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Surrogacy in India

Surrogacy is a method or agreement whereby a woman agrees to carry a pregnancy for another person or persons, who will become the newborn child's parent(s) after birth.

Intended parents may seek surrogacy arrangement when either pregnancy is medically impossible, pregnancy risk present an unacceptable danger to the mother's health or is a same sex couple's having preferred method of having children. Monetary compensation may or may not be involved in these arrangements. If the surrogate receives money for surrogacy the arrangement is considered as commercial surrogacy, if she receives no compensation reimbursement of medical and other reasonable expenses it is referred to as altruistic.[1]The legality and cost of surrogacy vary widely between jurisdictions, sometimes resulting interstate or international surrogacy arrangements.

There are laws in some countries which restrict and regulate surrogacy and consequences of surrogacy. Some couples who want child but live in the jurisdiction of such country which does not permit surrogacy in the circumstances in which they find themselves may travel to the jurisdiction of other country which permits it.

Surrogacy in modern times is the most talked about issue. From a reproductive technology it has moved on to huge money making industry that it has spread its roots all over the world. A wish to have an offspring is the most cherished dream in the life of human beings. Literally meaning 'substitute', surrogacy occurs when a woman agrees to give birth to a child and hand it over to a party they have contacted with.

The success of these clinical advancements in developed countries and lately Nigeria has made it possible for couples who would otherwise have been unable to conceive and bear children to avail themselves of these techniques that are today commonly grouped under the heading "Assisted Reproductive Technology (ART)".[2]

The woman who bears the child is the 'surrogate' or 'birth mother'. The person or persons to whom the child is intended to be surrendered, are referred to as 'commissioning' or 'intended' parent(s).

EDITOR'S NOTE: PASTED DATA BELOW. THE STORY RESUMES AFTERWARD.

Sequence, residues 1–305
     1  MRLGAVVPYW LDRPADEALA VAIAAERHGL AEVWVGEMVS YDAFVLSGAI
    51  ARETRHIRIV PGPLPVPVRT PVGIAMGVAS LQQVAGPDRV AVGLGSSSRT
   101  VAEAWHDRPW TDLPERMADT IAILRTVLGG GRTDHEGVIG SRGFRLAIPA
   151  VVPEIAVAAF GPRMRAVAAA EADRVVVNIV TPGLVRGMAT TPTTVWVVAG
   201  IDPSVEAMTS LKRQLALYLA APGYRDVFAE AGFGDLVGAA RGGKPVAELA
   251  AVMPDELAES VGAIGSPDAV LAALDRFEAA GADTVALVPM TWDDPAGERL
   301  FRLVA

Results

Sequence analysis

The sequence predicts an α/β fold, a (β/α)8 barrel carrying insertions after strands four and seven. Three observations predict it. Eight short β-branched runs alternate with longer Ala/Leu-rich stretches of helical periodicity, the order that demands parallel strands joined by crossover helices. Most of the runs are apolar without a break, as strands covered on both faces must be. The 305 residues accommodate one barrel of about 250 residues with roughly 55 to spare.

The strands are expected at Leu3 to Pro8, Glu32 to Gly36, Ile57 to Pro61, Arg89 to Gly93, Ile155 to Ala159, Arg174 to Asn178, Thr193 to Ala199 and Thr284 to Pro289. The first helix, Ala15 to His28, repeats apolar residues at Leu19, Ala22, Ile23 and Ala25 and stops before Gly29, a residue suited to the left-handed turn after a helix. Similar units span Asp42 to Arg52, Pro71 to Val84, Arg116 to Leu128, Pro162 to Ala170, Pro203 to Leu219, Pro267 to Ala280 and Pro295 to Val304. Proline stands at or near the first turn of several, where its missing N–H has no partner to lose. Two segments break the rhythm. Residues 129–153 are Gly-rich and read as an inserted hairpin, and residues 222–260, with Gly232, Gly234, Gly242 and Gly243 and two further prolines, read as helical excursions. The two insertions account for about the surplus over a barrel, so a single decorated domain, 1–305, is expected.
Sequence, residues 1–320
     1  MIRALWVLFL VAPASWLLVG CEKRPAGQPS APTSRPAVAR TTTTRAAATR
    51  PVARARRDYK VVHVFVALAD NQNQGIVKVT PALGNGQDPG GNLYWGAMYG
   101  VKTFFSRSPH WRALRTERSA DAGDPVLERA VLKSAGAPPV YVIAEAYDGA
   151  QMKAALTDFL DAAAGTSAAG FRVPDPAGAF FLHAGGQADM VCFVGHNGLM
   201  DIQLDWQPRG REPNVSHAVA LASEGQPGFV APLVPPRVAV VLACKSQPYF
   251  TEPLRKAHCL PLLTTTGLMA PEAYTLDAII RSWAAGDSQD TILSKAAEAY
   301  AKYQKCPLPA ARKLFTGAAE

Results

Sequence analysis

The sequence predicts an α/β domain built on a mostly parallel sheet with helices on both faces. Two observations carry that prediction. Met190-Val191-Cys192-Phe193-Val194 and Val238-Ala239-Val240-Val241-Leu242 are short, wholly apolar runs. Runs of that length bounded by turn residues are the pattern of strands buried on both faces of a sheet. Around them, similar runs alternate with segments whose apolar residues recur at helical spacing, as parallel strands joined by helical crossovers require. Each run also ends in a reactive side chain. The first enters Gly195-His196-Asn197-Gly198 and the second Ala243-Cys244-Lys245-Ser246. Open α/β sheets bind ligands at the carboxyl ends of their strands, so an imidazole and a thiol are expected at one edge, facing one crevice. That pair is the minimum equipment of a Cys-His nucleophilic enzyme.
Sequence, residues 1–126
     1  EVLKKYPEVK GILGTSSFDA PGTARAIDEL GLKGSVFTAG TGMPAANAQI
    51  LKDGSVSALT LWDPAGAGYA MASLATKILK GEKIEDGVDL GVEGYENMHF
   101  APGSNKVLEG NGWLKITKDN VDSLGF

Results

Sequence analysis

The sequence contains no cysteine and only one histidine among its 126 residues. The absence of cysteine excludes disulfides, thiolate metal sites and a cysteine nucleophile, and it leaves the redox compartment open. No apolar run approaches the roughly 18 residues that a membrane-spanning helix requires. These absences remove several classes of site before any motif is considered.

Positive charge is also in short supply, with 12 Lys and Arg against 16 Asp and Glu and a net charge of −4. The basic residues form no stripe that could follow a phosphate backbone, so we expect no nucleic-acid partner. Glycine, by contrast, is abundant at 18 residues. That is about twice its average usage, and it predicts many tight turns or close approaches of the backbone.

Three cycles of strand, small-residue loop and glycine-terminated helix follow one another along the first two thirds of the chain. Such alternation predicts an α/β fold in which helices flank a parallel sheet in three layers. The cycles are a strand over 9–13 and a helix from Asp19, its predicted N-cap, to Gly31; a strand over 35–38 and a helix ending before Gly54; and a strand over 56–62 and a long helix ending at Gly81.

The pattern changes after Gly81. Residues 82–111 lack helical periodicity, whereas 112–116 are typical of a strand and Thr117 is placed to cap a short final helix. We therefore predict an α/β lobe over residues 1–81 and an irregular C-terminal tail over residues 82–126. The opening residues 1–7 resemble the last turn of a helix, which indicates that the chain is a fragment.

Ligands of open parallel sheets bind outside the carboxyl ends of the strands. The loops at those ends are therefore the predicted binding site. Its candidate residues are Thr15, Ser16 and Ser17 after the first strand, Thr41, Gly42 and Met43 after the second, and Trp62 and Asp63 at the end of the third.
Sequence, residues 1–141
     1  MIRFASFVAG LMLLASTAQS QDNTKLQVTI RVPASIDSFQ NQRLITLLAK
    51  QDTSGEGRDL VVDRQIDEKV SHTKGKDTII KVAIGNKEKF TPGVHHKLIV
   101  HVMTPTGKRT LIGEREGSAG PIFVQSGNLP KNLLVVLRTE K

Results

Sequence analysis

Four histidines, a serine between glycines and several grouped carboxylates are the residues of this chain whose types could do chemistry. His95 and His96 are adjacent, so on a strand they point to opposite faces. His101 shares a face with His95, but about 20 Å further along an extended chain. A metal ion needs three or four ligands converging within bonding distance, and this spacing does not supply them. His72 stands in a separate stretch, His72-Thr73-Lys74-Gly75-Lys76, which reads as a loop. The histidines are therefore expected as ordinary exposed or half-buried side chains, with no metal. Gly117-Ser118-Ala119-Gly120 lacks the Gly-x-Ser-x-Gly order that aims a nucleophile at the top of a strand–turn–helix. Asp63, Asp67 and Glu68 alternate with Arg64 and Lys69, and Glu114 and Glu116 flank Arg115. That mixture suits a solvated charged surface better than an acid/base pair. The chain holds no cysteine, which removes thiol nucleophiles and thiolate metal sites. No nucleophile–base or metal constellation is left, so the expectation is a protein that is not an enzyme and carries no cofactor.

Depending on the law where surrogacy arrangement takes place, commissioning person(s) may include:

  1. Heterosexual women who do not wish to carry a child by choice, or who are unable to carry a child due to range of factors (for example, infertility, recurrent pregnancy loss, age);s
  2. Single woman or lesbian couples who cannot or do not wish to use artificial insemination or other forms of assisted reproduction to become pregnant , or do not wish to carry a pregnancy;
  3. Single or same sex partnered men.[3]

Definition of Surrogacy:

The word 'surrogate' has been derived from the latin word 'surrogatus', past participle of 'surrogare' which has been made by combining two word 'super' and 'rogare', 'super' means over and 'rogare' means ask so surrogare means 'elect as substitute'.

The dictionary meaning of the term surrogate is a substitute. There are two forms of it. One, when a surrogate has a child for a couple where the husband is the genetic father and the surrogate the genetic mother. Two, called Host mothering is where the surrogate carries the genetic child of both the child of both the husband and wife through IVF[4]/gift technique which requires the doctor's intervention.[5]

Surrogacy is a method of reproduction whereby a woman agrees to become pregnant and deliver a child for a contracted party. She may be the child's genetic mother (the more traditional form of surrogacy), or she may, as a gestational carrier, carry the pregnancy. Surrogate birth is very controversial issue both legally and ethically. Surrogacy involves conception by a woman using an egg from another woman or using the surrogate's own egg and the sperm of a donor. Typically, the surrogate is acting for a married couple but is not limited to them and may include gay and lesbian couples or single men or women as well.[6]

A child may be born by a surrogate mother for an intended person or couple: